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Editors’ note: 

For church leaders to be more effective in seeking the “welfare of the city” (Jer. 29:7) we should know what economic concepts mean, how they should be applied, and how they affect the local church. The purpose of the Economics for Church Leaders series is not to present a theology of economics, but rather to provide a basic level of understanding that will help church leaders think more clearly about how to apply their faith commitments to economics and public policy.

The Terms: Marginal tax rates and average tax rates

What it Means: A marginal tax rate is the amount paid on an additional dollar of income. The average tax rate is the total paid divided by taxable income.

The Explanation: What is the tax rate you pay on your current income?

For most Americans, the question is surprisingly difficult to answer. The reason we don’t know our tax rate is that we have a progressive system of taxation on income—and most of us don’t fully grasp the difference between marginal tax rates and average tax rates.

Fortunately, the concept is easy to understand once you move past the confusing jargon. Let’s unpack what it means.

First, we need to understand “tax rate.” This is simply the ratio of tax to the amount being taxed. This ratio is almost always expressed as a percentage, so instead of saying the tax rate ratio is 1:10 we say the tax rate is 10 percent. That means for every dollar I am taxed 10 cents (1:10 or 10 percent). Since taxpayers receive deductions and credits, what we owe often differs from what we pay. But for now we’ll assume they are the same.

In the United States we have a progressive income tax, meaning the tax rate increases as the taxable amount increases. For our federal income tax, the tax rate progresses from low to high as a person’s income increases.

The third thing we need to know is the meaning of “marginal” in marginal tax rates. Marginal is a key concept in economics, but for now when you hear “marginal,” just think of it as “additional.” For example, the marginal tax rate is the additional tax on the marginal (additional) income you earn.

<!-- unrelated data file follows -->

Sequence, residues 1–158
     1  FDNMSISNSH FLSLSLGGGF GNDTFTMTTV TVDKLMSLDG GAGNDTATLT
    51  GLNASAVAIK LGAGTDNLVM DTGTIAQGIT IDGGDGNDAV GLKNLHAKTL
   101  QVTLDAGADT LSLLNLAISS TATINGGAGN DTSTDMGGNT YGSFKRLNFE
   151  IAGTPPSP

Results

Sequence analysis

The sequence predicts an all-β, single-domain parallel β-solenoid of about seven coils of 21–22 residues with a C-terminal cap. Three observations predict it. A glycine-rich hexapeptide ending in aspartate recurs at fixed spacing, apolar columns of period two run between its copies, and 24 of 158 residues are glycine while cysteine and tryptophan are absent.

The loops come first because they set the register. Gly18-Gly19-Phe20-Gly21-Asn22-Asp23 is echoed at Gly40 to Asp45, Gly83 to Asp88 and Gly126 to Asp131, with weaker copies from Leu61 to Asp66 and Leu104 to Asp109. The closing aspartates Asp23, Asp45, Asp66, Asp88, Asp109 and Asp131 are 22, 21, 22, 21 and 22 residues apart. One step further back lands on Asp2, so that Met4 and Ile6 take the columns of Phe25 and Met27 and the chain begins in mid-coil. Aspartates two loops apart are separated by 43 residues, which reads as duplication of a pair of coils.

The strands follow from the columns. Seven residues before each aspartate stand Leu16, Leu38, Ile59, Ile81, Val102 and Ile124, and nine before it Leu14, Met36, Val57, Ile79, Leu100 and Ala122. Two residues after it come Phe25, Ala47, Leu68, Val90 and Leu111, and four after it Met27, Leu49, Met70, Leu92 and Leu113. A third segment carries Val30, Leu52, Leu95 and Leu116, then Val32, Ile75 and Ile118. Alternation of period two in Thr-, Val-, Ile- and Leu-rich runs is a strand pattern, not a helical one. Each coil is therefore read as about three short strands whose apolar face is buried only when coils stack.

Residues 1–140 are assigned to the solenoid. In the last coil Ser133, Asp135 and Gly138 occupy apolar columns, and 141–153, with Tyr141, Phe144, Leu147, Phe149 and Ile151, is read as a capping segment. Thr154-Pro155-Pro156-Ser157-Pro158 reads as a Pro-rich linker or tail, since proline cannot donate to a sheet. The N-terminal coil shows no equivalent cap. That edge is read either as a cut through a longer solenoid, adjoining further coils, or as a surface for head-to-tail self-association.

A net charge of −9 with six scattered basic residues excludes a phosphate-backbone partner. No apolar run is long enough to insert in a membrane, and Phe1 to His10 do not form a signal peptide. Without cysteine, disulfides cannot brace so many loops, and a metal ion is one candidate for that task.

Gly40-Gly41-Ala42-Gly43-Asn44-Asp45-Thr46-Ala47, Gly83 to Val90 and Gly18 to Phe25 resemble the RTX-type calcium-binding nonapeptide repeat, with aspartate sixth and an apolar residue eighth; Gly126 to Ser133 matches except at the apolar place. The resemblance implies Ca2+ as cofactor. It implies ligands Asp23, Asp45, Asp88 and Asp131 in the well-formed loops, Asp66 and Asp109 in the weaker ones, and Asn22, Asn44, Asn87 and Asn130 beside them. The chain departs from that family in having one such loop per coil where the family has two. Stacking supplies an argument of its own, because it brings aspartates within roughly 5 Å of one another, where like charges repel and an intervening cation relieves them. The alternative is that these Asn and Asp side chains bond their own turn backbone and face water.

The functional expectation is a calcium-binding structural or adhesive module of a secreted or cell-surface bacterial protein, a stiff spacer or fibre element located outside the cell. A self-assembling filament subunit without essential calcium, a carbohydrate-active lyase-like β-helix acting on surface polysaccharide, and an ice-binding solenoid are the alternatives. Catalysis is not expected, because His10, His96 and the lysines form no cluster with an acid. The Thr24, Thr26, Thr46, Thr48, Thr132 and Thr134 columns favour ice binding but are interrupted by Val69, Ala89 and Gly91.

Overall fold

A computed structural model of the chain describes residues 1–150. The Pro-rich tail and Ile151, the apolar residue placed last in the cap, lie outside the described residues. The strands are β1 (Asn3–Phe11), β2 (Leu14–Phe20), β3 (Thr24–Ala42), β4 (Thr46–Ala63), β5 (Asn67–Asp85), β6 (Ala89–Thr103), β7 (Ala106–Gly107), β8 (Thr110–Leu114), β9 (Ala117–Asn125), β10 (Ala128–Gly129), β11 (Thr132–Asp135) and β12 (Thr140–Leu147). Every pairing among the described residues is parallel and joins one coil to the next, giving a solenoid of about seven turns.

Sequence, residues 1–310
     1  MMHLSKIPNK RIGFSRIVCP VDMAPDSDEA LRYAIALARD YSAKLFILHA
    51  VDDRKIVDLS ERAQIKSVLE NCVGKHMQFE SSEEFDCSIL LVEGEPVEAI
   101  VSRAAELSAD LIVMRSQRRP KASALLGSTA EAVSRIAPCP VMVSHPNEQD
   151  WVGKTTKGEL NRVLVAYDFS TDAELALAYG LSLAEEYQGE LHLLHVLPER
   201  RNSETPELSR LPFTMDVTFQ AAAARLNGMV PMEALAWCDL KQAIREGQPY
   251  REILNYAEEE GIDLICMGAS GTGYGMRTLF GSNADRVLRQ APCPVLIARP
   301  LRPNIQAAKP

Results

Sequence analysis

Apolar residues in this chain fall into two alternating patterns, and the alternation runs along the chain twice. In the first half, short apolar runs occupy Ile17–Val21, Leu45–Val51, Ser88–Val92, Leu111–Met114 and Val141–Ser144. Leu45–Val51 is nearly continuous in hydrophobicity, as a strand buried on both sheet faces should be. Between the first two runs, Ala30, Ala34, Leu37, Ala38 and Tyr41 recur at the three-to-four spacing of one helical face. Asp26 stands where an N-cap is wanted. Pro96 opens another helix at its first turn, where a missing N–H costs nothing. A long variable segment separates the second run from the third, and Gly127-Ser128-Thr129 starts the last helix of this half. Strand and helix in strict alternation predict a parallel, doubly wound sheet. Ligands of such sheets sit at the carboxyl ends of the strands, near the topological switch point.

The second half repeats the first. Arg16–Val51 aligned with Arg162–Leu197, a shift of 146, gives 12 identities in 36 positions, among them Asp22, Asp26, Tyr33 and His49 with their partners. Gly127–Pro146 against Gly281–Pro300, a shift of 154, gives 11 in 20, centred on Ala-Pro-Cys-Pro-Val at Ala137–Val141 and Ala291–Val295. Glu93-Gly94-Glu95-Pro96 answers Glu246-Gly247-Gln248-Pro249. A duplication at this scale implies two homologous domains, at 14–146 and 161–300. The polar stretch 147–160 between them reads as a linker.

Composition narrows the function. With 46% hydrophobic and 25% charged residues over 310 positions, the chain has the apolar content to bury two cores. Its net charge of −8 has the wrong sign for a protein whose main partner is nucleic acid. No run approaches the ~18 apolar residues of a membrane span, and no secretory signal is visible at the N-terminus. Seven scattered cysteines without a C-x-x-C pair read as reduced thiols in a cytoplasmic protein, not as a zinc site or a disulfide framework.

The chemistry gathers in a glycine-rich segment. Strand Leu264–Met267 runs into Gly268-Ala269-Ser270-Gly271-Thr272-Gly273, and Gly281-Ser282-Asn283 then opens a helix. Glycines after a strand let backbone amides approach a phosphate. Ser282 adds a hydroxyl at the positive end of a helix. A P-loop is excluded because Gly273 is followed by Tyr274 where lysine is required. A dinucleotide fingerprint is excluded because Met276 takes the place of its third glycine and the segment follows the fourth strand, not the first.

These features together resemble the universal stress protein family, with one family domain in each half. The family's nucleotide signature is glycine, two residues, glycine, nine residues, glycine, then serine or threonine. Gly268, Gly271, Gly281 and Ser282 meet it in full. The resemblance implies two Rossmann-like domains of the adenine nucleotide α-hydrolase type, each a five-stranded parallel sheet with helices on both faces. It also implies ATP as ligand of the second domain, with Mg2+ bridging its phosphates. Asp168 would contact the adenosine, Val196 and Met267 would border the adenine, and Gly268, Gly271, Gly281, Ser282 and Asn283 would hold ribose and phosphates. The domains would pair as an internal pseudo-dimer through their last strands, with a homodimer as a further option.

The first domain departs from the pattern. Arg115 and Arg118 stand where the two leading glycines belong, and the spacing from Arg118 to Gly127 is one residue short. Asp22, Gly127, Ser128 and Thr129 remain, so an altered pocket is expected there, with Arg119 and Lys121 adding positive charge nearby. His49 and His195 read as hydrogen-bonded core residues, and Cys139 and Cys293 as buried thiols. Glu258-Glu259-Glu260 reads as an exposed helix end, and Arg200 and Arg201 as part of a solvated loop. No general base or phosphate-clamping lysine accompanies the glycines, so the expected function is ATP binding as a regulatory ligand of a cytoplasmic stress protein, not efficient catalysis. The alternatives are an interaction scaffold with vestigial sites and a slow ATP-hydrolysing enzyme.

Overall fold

Now we have only one more concept to add: tax brackets. For our purposes we will focus solely on federal tax brackets. The federal system of taxation on income is progressive and marginal, which means we do not pay the same tax rate on every dollar of our income. Read that sentence again, because failure to understand that point is the reason most people grow confused about income tax rates.

Think of tax brackets as buckets sitting on a staircase that hold specific amounts of your income. The first bucket on the bottom step says “$0-$100—Tax at 10 percent”; the bucket on the second step says “$101-200—Tax at 20 percent”; and so on up the staircase. Once you fill the first bucket, the additional (marginal) dollar (e.g., the 101st dollar) progresses into the next bucket, and so on up the staircase. This illustration provides us with an image of a progressive system of marginal tax rates that includes several tax brackets.

Now let’s move to a real-world example by looking at the marginal tax rates for an unmarried worker named Becky. Here are the 2020 income tax brackets for single individuals:

  • 10 percent for $0 to $9,875
  • 12 percent for $9,876 to $40,125
  • 22 percent for $40,126 to $85,525
  • 24 percent for $85,526 to $163,300
  • 32 percent for $163,301 to $207,350
  • 35 percent for $207,351 to $518,400
  • 37 percent for $518,401 or more

What is Becky’s tax rate if she earns $8,000 a year? That one is easy: 10 percent. But what is Becky’s tax rate if she earns $10,000 a year? That is trickier. Since Becky has two tax rates, to find the answer we have to calculate her average tax rate.

Let’s use our bucket-on-the-stairs illustration again. The first $9,875 Becky earned goes into the first bucket (the 10 percent bracket) while the next $125 goes into the second bucket (the 12 percent bracket). On the first $9,875 she paid $987.50 in taxes and on the $125 she paid $15 ($987.50 x 12% = $15). Altogether she paid $1,002.50 in taxes. The ratio of 1,002.50:10,000 equals an average tax rate of about 10 percent.

And this is why people grow confused. If you ask Becky what her marginal tax rate is, she’ll look at the chart and answer (correctly) that it’s 12 percent. She may therefore assume that she pays an income tax rate of 12 percent. In reality, she only pays the 12 percent rate on the additional income over $9,875 that she’s earned—the $125. But if you ask Becky our original question—“What is the tax rate you pay on your current income?”—she will likely say 12 percent.

In a way, that makes sense. We assume that we should be able to look at the IRS’s tax bracket chart and determine our tax rate. But the chart only tells us about our marginal rate (i.e., the tax we pay on the last few dollars of our income) and does not reveal the average rate (i.e., the tax we pay, on average, on all our income).